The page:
No Country for Old Men (2007) Finally got around to seeing this excellent bleak thriller, Joel and Ethan Coen’s adaptation of the Cormac McCarthy novel. Llewelyn (Josh Brolin) stumbles upon a suitcase full of cash from a drug deal gone bad and tries to keep both the money and his life, when a relentless killer Anton Chigurh (Javier Bardem) is hired to find him and retrieve the money. The two of them are in turn sought by bounty hunter Woody Harrelson and weary Sheriff Tommy Lee Jones, but nobody can stop the inevitable clash of brash cowboy and ruthless killer. This is as noir as it gets, with some dark deadpan humour, a main character who foolishly thinks he can outrun his fate and an unforgettable villain who tells you your life depends, among other strange whims, on the flip of his coin, then asks you to consider the philosophy, cosmic alignments and random events that got you to this unlucky point.
Hiroshima Mon Amour (1959). Inspired to rewatch this beautiful and complex movie after the Criterion Blogathon. As in Lost in Translation, here are two lonely people sharing a brief encounter in Japan, with very different issues raised about existence, love and memory. Alain Resnais’ groundbreaking movie is “about” a French actress (Emmanuelle Riva) who has an affair with a Japanese architect (Eiji Okada). It begins with harrowing documentary footage of the bombing and aftermath, accompanied by this foreign woman’s claim that she’s seen and knows what happened here, while he denies that anyone could ever understand from history or second-hand experience. She later recounts her own trauma in France during the war involving her first love, a German soldier. The lovers’ intense bond in such a short time, their sharing of pain in this place, is about their romance as much as it is about the coming together of countries and cultures, and about the possibility of love and life rising from ashes.
Argo (2012). Affleck’s film about the fake sci-fi movie/CIA mission to Iran to extract American hostages from the Canadian Ambassador’s house was fast and exciting, but for me the best part was the filmmaking satire with Alan Arkin and John Goodman. Their Hollywood scheming and deception has to fool observers arguably sharper and definitely more curious than the Iranian cultural authorities. The Star Wars-type ads and the epic script reading was great and made a nice balance to the serious plight and high tension of the long hostage crisis. The reality not reflected in this film was that Canada had a much bigger role in the mission; a lot is minimized, including that Canadian officials had a plan to get those hostages out earlier along with Canadian embassy staff, and made up all the travel documents for the “film crew.”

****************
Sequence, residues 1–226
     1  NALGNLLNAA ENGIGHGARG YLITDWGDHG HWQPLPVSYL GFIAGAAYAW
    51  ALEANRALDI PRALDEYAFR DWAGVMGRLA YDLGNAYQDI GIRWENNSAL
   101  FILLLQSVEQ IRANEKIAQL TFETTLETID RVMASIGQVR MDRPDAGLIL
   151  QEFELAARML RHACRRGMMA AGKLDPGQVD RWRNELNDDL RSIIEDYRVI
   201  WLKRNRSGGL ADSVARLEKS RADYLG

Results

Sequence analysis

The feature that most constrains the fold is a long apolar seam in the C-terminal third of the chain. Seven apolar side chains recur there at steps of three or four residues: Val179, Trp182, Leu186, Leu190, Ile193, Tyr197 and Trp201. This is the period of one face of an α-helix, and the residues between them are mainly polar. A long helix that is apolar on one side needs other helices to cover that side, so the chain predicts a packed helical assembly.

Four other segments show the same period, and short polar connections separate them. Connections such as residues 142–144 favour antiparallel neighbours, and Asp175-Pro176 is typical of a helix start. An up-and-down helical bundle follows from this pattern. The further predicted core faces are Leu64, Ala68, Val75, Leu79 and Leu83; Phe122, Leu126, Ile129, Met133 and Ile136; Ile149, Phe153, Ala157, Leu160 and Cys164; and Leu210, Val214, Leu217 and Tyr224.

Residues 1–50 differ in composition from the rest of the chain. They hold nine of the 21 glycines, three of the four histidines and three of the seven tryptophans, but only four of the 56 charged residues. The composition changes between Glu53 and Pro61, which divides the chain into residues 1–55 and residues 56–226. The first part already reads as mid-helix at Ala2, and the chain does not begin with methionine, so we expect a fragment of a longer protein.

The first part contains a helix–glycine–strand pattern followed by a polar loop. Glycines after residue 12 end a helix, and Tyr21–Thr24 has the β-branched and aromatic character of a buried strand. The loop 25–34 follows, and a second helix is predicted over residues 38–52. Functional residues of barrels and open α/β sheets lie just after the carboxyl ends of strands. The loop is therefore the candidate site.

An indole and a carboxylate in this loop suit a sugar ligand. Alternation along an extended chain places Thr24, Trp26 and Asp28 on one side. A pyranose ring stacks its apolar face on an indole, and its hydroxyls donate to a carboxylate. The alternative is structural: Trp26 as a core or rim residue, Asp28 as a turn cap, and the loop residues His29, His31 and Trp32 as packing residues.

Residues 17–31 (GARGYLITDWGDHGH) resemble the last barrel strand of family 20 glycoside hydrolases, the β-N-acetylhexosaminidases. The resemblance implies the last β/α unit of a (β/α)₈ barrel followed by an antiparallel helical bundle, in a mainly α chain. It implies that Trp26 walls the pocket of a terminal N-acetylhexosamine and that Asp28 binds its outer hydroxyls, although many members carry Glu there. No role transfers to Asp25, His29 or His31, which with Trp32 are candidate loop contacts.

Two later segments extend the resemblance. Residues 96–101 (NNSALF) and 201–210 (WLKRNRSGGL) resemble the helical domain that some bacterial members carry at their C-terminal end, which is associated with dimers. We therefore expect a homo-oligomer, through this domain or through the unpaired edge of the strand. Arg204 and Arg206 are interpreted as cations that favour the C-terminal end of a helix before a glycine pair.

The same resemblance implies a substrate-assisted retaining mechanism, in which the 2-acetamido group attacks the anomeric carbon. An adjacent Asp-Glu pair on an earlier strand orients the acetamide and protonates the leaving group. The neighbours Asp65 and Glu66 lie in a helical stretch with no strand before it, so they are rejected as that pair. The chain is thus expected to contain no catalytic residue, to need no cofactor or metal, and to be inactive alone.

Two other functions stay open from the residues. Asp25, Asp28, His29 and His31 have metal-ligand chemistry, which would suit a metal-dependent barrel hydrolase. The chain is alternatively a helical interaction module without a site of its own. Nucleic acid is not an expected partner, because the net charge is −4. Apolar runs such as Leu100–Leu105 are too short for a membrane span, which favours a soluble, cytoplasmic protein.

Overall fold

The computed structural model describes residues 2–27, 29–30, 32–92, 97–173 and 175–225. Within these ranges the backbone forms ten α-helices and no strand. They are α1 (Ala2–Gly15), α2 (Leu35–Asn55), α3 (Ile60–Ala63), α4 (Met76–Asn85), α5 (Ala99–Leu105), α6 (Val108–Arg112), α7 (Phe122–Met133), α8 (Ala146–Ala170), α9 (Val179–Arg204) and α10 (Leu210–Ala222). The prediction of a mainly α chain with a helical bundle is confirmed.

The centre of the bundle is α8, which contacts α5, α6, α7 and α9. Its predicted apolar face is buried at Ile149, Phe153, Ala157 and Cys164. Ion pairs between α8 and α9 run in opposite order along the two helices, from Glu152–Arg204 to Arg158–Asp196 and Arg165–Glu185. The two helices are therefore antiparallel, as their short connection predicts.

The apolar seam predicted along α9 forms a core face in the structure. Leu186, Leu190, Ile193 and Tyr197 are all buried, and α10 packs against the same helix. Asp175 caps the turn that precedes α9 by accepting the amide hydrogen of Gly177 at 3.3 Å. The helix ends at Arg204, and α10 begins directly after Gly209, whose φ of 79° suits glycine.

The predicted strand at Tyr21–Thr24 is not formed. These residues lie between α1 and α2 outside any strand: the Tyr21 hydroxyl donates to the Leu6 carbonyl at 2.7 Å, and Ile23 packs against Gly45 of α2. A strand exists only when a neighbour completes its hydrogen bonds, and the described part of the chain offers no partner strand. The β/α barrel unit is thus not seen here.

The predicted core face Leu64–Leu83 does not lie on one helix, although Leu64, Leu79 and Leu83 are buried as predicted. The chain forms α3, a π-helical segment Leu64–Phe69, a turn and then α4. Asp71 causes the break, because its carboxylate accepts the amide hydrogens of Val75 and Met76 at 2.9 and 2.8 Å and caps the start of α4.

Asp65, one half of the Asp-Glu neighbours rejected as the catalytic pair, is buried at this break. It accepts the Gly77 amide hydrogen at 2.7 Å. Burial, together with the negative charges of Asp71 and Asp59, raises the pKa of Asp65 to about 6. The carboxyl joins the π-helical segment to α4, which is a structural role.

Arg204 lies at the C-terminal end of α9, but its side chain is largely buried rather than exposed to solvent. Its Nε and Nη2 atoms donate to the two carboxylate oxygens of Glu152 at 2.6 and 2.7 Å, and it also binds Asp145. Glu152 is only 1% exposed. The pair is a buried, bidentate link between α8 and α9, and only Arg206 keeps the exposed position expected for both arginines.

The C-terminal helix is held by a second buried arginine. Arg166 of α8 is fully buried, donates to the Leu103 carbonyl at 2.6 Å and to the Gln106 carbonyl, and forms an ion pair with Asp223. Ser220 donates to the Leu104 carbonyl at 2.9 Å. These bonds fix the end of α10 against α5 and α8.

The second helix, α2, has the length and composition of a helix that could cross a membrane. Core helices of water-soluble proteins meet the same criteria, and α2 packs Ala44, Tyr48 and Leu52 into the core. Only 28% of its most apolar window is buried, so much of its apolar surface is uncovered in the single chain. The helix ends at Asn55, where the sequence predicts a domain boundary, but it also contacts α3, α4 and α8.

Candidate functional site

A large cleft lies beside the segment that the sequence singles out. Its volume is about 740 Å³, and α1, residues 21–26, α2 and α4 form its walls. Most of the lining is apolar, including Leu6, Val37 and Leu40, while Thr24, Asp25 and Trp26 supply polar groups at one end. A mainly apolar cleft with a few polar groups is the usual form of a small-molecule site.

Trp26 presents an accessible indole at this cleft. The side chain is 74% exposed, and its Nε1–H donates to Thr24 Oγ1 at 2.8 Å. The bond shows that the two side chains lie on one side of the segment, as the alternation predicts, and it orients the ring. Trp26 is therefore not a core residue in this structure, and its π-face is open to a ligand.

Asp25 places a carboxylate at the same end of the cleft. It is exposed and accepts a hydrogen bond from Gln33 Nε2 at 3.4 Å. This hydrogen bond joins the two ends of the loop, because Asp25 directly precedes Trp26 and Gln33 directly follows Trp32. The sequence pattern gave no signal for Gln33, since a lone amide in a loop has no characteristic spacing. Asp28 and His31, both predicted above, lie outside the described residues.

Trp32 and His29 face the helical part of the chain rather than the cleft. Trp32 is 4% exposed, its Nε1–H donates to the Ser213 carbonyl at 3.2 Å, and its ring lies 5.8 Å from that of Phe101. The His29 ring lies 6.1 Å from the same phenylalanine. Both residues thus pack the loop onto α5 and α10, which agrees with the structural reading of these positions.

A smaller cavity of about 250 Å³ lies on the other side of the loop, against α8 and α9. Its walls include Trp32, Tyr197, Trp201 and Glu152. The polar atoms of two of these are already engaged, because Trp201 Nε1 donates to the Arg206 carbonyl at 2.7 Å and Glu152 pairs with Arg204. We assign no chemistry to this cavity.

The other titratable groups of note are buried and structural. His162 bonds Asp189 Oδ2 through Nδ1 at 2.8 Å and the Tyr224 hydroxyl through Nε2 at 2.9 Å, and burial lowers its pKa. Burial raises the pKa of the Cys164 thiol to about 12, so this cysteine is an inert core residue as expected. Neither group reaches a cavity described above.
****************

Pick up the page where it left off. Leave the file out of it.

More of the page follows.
Matchstick Men (2003). Ridley Scott picture starring Nicolas Cage as a neurotic con man in the middle of a potentially huge score with his protege Sam Rockwell. Cage’s new shrink advises him to get to know the teen daughter he’s never met (Alison Lohman), in hopes of resolving his worsening OCD and emotional troubles. Turns out that daughter is a chip off the block who assists in his con, inadvertently teaches him about love and responsibility and helps straighten out his messed-up personality. Shocker of a twist ending that makes the movie itself a giant con, softly and sweetly sold to you with great acting, filmmaking technique and cool swinging tunes. Cage characteristically does wonders with his character’s twitches and colourful breakdowns.
A couple of TV shows:
Ash vs Evil Dead. Sam Raimi, Bruce Campbell, Evil Dead (1981) 30+ years later. Based on that you’ll know if this is for you or not. Lovable buffoon hero, new and improved ghouls and demons, young sidekicks, Lucy Lawless, comedy-horror, some gore, quips and one-liners galore and lots of fun 5 episodes in.
How to Get Away With Murder. Watched through a season and a half, right up to the winter break of a few weeks ago, and really enjoyed it. It’s an addictive crime soap and Viola Davis deserves every bit of her Emmy for expertly playing such a conniving and flawed anti-hero. Simplest way to describe this intricately plotted melodrama: she’s a criminal defense attorney and professor who recruits students to help her cover up a murder and then manages to get them all embroiled in ever uglier messes.
The rest of November, the full review posts:
- Ulzana’s Raid (1972)
- The Driver (1978)
- Bob le flambeur (1956)
- The Rounders (1965)
- In Cold Blood (1967)
- The Florentine Dagger (1935)
- Winner Take All (1932)
- Four Sided Triangle (1953)
- The Wicked Lady (1945)
- The Divorcee (1930)